The church must say it is sorry for not having behaved as it should many times, many times — when I say ‘the church,’ I mean we Christians, because the church is holy; we are the sinners. We Christians must say we are sorry.”

The Pope then reiterated something he first uttered three years ago in what was a truly stunning shifting away from his predecessor, Pope Benedict’s stance on the matter of Catholic adherents that are members of the LGBT community.

The question is, if a person who has that condition, who has good will, and who looks for God, who are we to judge?” Father Federico Lombardi, the Vatican spokesman, was quick to clarify that when the Pope referred to “that condition,” he meant “a person in that situation;” not that being gay was some kind of medical condition, according to a report by Reuters.

Pope Francis also said that ultimately, “We Christians have much to apologize for” — and those apologies need not be confined to just one area. Ask forgiveness, and not just say we’re sorry. Forgive us, Lord.” The Pope should ask for forgiveness from the LGBT community, the recipients of no small amount of hate, violence, and vitriol from many in the Christian community…especially the American Christian community.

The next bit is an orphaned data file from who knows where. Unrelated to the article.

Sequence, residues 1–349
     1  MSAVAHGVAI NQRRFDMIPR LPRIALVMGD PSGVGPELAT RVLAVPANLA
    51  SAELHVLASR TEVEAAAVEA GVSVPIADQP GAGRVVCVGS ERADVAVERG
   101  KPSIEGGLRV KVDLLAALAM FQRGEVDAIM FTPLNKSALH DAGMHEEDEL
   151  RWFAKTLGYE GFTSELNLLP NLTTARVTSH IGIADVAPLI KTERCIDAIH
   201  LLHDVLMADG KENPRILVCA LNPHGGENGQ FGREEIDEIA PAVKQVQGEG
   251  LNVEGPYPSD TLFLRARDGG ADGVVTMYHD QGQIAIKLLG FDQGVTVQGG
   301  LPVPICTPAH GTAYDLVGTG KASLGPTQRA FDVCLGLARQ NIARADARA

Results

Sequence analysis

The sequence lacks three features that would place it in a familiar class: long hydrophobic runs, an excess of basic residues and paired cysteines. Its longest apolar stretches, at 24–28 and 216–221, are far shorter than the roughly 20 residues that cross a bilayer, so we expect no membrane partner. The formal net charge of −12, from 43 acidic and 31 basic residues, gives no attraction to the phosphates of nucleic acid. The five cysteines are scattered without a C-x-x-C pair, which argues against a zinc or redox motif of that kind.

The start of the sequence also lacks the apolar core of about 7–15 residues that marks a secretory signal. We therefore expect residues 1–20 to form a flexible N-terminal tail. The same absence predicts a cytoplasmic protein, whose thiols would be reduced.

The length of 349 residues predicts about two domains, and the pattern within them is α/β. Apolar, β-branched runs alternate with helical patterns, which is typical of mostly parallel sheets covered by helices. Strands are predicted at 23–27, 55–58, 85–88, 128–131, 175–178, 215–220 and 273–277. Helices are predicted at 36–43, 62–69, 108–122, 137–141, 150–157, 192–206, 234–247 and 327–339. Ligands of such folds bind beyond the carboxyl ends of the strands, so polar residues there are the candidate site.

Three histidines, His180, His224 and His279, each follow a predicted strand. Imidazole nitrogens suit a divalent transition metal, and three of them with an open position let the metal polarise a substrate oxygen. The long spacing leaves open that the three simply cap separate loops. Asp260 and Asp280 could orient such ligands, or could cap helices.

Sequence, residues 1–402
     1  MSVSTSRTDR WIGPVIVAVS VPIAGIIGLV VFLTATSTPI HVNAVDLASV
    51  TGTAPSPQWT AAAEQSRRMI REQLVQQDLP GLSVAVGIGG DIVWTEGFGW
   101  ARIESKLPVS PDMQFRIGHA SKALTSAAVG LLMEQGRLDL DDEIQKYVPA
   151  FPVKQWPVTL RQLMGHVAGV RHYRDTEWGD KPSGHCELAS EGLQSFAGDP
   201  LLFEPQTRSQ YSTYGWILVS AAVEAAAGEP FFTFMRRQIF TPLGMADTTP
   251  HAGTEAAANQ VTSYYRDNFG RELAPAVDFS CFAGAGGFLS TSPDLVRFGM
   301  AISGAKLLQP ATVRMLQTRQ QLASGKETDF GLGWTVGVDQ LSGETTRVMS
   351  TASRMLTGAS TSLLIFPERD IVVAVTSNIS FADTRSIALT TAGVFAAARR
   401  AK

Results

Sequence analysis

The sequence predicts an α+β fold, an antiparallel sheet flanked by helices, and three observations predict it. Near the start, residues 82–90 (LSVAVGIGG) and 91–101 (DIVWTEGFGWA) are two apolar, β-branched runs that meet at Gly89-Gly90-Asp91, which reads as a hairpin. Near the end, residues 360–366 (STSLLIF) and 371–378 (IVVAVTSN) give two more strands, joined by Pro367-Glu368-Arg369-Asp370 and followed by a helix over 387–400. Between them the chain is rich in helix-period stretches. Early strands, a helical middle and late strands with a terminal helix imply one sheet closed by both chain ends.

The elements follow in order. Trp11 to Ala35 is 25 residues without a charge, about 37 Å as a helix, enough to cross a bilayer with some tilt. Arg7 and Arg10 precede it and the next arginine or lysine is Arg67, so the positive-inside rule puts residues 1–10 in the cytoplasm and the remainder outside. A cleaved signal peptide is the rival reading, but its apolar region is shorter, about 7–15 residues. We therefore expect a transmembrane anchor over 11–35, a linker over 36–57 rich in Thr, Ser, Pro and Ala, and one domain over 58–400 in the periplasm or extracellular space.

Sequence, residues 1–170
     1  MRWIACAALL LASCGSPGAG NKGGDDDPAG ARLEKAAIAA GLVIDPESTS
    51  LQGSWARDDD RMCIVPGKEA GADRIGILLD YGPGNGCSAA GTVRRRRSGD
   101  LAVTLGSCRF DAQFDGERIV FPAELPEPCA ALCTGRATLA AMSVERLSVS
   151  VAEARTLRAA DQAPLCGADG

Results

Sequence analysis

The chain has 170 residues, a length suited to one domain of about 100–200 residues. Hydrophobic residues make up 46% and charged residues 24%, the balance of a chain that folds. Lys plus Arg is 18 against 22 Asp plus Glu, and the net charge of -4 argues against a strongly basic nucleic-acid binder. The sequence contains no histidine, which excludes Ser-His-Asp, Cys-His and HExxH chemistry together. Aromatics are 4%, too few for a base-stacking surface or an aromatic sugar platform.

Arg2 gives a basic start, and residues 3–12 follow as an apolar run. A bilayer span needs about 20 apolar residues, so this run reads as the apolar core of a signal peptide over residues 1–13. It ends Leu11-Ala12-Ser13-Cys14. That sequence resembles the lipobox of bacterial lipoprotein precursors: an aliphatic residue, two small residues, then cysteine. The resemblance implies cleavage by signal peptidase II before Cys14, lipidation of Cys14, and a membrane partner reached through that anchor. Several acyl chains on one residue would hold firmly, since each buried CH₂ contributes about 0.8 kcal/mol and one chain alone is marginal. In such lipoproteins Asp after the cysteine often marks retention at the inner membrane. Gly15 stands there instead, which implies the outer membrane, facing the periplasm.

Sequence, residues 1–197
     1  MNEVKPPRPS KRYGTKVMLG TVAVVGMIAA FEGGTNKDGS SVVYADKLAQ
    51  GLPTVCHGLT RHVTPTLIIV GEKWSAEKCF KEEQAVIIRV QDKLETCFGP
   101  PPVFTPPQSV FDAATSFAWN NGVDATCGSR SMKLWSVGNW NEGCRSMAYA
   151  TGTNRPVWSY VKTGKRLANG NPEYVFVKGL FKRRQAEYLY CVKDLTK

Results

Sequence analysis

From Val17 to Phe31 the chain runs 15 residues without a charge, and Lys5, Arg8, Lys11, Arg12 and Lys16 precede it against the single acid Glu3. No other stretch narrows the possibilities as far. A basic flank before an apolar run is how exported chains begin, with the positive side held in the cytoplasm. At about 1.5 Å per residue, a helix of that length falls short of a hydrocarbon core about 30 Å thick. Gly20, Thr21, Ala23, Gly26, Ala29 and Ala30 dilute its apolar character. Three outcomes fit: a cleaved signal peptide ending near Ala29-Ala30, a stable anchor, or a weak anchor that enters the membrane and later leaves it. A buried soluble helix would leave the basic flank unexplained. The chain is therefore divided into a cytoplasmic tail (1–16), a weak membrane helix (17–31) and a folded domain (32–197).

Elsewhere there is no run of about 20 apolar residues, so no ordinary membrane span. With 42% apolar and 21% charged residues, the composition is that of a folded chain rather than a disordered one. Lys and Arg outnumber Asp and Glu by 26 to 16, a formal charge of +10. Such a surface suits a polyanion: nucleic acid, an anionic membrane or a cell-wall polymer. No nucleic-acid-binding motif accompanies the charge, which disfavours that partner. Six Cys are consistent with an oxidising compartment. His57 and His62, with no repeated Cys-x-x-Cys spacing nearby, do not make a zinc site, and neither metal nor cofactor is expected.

Contrast the Pope’s reaction to the Orlando massacre with the hate-filled response from many Christian leaders in this sad, barbaric nation. For example, at the Verity Baptist Church in Sacramento California, Pastor Roger Jimenez stood at the pulpit and preached to his Christian congregants that:

They shouldn’t be mourning the death of 50 sodomites. People say, like: ‘Well, aren’t you sad that 50 sodomites died? Here’s the problem with that. It’s like the equivalent of asking me – what if you asked me: ‘Hey, are you sad that 50 pedophiles were killed today?’ Um, no, I think that’s great. I think that helps society. You know, I think Orlando Florida is a little safer tonight. The tragedy is that more of them didn’t die. The tragedy is – I’m kind of upset that he didn’t finish the job!”